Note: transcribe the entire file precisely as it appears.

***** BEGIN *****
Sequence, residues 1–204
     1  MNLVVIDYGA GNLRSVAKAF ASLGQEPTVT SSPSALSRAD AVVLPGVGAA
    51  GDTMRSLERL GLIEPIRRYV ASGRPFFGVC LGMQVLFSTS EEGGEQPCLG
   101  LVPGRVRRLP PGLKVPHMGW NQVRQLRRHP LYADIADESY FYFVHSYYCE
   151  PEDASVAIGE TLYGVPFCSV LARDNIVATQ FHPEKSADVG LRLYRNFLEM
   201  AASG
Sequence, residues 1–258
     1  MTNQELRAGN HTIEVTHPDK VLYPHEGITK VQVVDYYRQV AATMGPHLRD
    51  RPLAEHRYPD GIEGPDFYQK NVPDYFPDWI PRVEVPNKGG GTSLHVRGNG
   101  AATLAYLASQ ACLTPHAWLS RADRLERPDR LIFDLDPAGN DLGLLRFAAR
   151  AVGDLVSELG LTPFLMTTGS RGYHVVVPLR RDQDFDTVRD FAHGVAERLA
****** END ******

Sequence, residues 1–204
     1  MNLVVIDYGA GNLRSVAKAF ASLGQEPTVT SSPSALSRAD AVVLPGVGAA
    51  GDTMRSLERL GLIEPIRRYV ASGRPFFGVC LGMQVLFSTS EEGGEQPCLG
   101  LVPGRVRRLP PGLKVPHMGW NQVRQLRRHP LYADIADESY FYFVHSYYCE
   151  PEDASVAIGE TLYGVPFCSV LARDNIVATQ FHPEKSADVG LRLYRNFLEM
   201  AASG
Sequence, residues 1–258
     1  MTNQELRAGN HTIEVTHPDK VLYPHEGITK VQVVDYYRQV AATMGPHLRD
    51  RPLAEHRYPD GIEGPDFYQK NVPDYFPDWI PRVEVPNKGG GTSLHVRGNG
   101  AATLAYLASQ ACLTPHAWLS RADRLERPDR LIFDLDPAGN DLGLLRFAAR
   151  AVGDLVSELG LTPFLMTTGS RGYHVVVPLR RDQDFDTVRD FAHGVAERLA